This week on the Writer's Detective Bureau, welcome to episode 101 of the Writer's Detective Bureau, the podcast dedicated to helping authors and screenwriters write professional quality crime related fiction. Just like a 1980s TV show, this is actually the second half of a, to be continued episode, as it comes from what I recorded as a three and a half hour long live Facebook Live in the Writer's Detective Q and A Facebook Group, to create episodes 100, which released last week, and episode 101, which is obviously what you're listening to right now.
If you haven't done so already, come join us in the Facebook Group. Just go to writersdetectivebureau.com/Facebook, answer a few quick questions so I know you're a real person, and you'll be approved. Just like episode 100, this one's a little bit different, because we covered a whole gamut of topics, so again, I will dispense with the summary intro and just get right into the questions.
All right. Lily says, "I was reading the explanation of the FBI and what section of law enforcement it covers, and I thought that it said the FBI does not take cases to trial, but turns them over to the police for that jurisdiction, and then the DA prosecutes the criminals. Does the FBI actually take criminals through a court procedure?" Yes, they do, Lily. It's just a more a matter of, for the volume of cases they get, to the number that actually make it to a federal criminal prosecution, are pretty small. For a variety of reasons, one is the US Attorney tends not to want to go to jury trial. They want open and shut cases where the evidence is so overwhelming that the defendant is going to take a plea. If there's any kind of indication that it's going to go to a jury trial, then more often than not, the US attorney's just going to say, "Let it go to State Court."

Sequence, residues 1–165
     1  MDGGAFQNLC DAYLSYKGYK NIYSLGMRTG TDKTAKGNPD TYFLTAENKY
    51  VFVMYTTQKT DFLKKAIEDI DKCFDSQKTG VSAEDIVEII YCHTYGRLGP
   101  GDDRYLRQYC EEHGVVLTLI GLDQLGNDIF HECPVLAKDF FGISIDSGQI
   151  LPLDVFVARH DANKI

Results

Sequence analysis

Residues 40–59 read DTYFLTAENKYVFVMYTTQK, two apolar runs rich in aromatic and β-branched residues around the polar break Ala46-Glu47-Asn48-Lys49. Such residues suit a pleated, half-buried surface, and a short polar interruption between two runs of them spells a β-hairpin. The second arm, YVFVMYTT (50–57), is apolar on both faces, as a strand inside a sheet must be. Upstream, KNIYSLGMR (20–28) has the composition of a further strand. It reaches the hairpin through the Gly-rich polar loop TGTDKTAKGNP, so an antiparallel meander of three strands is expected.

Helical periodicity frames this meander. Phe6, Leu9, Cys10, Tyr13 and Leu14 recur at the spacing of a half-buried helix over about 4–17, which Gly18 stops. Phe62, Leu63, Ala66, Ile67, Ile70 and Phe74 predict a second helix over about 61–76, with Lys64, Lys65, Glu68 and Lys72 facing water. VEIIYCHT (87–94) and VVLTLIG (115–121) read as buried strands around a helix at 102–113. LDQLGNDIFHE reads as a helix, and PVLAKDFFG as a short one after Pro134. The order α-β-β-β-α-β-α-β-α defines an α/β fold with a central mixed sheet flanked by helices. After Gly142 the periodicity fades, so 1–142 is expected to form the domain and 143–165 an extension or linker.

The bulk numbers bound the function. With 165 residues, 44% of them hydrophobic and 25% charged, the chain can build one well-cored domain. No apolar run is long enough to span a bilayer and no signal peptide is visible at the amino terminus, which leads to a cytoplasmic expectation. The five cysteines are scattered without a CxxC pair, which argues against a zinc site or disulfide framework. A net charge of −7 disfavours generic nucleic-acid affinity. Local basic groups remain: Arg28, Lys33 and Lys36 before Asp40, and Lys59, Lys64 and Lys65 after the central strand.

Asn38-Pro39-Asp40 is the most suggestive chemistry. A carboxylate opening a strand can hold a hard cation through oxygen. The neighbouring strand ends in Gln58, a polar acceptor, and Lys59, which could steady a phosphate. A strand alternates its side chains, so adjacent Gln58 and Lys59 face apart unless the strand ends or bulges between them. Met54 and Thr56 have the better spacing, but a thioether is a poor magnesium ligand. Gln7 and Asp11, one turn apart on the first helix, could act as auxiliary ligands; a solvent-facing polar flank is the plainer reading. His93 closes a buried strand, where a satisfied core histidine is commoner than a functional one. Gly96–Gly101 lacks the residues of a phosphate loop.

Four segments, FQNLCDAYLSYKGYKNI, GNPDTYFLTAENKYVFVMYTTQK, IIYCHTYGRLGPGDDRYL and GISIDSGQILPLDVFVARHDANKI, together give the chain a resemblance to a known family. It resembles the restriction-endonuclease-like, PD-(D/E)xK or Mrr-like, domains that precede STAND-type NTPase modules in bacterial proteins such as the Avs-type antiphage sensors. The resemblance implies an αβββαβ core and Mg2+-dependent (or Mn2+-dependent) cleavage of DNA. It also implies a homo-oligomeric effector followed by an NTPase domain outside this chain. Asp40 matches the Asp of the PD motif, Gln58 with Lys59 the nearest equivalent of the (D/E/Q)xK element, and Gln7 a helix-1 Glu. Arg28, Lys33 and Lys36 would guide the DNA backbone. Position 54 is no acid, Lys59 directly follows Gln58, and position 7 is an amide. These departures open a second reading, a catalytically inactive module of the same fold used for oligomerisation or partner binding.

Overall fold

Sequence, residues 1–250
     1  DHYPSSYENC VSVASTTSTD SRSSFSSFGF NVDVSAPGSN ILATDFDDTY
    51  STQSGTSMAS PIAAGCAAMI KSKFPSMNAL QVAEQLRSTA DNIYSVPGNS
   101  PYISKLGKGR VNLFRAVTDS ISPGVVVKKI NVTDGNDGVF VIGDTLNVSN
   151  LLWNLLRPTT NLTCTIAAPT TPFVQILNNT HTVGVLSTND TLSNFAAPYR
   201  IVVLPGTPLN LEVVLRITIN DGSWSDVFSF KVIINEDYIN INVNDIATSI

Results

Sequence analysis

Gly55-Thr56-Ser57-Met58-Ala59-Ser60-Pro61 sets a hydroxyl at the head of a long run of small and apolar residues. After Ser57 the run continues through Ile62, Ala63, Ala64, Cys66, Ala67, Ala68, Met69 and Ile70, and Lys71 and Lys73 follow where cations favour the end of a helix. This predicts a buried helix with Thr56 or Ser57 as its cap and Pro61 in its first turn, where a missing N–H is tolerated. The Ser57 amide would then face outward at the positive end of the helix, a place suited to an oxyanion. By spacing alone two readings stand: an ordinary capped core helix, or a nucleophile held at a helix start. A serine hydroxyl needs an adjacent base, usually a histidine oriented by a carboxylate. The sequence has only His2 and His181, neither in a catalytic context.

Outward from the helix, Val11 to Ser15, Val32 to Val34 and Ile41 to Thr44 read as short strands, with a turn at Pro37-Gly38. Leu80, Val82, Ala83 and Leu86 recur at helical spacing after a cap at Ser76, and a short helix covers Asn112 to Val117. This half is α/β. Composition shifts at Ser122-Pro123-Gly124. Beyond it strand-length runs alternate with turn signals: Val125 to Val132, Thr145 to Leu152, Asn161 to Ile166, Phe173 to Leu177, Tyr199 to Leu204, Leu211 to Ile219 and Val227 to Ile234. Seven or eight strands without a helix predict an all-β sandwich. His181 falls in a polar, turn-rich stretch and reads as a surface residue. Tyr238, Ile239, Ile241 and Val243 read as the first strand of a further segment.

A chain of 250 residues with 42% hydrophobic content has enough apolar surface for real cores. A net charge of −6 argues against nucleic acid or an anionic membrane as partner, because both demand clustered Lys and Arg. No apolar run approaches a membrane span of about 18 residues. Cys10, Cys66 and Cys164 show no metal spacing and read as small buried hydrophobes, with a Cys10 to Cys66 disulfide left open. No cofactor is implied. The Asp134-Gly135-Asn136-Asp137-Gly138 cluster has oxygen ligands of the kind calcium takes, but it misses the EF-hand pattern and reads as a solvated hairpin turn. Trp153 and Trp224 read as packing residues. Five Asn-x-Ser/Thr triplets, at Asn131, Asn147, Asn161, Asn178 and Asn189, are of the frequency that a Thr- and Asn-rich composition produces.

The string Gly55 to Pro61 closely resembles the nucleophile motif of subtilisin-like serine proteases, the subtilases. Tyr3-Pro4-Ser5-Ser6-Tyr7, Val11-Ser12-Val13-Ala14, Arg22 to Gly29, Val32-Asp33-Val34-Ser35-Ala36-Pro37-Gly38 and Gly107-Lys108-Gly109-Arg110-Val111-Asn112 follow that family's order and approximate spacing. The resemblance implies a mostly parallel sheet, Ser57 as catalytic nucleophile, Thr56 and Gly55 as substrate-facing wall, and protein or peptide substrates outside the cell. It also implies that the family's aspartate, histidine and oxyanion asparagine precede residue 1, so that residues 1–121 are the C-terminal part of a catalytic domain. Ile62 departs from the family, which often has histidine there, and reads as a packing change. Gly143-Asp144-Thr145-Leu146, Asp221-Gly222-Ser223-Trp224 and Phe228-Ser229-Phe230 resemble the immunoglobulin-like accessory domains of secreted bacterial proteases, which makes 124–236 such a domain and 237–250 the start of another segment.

The way that that happens is to use, it's overused, an overused example, but it's a very illustrative one, is a bank robbery. Bad guy goes into a bank, robs the bank, the police department responds. Police department calls the FBI and says, "Hey, we just had a bank robbery." They both show up. From the FBI's perspective, this guy committed a federal crime of robbing a federally insured bank, an FDIC insured bank, so that is it's own federal bank robbery criminal section. Then from the local police standpoint, they've committed the state crime of robbery. In California, that would be 211 of the penal code, which you may hear on TV. A lot of times the codes that they use, like 211 or 187, tend to be California codes. Then they'll use it in writing for all over the country for whatever reason, but that is a California penal code section.
That's the section for robbery 211, 211, and so, which would be separate from Title 18, whatever it is, like 2000 something for the bank robbery section... Continue reading...
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